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Decreased power firing pin return spring?


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Does anyone make a deceased power firing pin return spring? Putting together my build and it seems like it'd be a consideration, especially on guns with lighter mainsprings. I know there is a risk of slam fire with a spring too light. 

 

Has this been tried? Is the effect too little? What's the story...?

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8 minutes ago, OnVacation said:

Does anyone make a deceased power firing pin return spring? Putting together my build and it seems like it'd be a consideration, especially on guns with lighter mainsprings. I know there is a risk of slam fire with a spring too light. 

 

Has this been tried? Is the effect too little? What's the story...?

What kind of gun? Reduced power firing pin springs are just about a required item in many builds. Brownells, Wolff, ISMI, make them, just to name a few.

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I'm not aware of anyone making a reduced power firing pin spring for 1911/2011.  Seems like a bad idea from a liability standpoint.  Even for a competition gun.  Most people who run light mainsprings opt for extended firing pins to remedy the problem of light primer strikes.  The best thing to do is use a normal weight mainspring and do a proper trigger job with correct angles on the hammer and sear.  That way you have a light, crisp, reliable and durable trigger.  All the other "fixes" are really just ways to get around improper trigger work.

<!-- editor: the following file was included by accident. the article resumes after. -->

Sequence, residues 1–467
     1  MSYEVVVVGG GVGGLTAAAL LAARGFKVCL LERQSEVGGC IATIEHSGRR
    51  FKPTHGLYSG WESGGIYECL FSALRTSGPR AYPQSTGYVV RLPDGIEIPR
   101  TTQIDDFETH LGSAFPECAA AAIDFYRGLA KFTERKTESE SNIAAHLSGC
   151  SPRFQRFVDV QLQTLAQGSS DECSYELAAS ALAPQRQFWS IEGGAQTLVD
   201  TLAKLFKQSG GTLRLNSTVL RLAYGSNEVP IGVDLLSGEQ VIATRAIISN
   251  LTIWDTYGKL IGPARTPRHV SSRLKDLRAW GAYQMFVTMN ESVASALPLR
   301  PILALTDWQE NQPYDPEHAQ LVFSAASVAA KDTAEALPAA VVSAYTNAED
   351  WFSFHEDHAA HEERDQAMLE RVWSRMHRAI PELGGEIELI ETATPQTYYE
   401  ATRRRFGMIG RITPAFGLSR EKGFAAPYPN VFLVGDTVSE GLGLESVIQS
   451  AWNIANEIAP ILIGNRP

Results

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I use a lighter spring on my 1911's. Just make sure that when the slide slams forward the firing pin leaves no mark on the primer. You want it strong enough to get the firing pin back quick enough so there is no drag marks on the primer from the firing pin  either. Many industrial suppliers have springs you can use. 

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15 hours ago, GrumpyOne said:

What kind of gun? Reduced power firing pin springs are just about a required item in many builds. Brownells, Wolff, ISMI, make them, just to name a few.

sorry.  1911 build (Rock island Hi-cap)  

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3 hours ago, mesa3gunner said:

I use a lighter spring on my 1911's. Just make sure that when the slide slams forward the firing pin leaves no mark on the primer. You want it strong enough to get the firing pin back quick enough so there is no drag marks on the primer from the firing pin  either. Many industrial suppliers have springs you can use. 

I had looked at ordering from mcmaster carr or something similar, but they normally have big purchase minimums.  Where did you get yours from?

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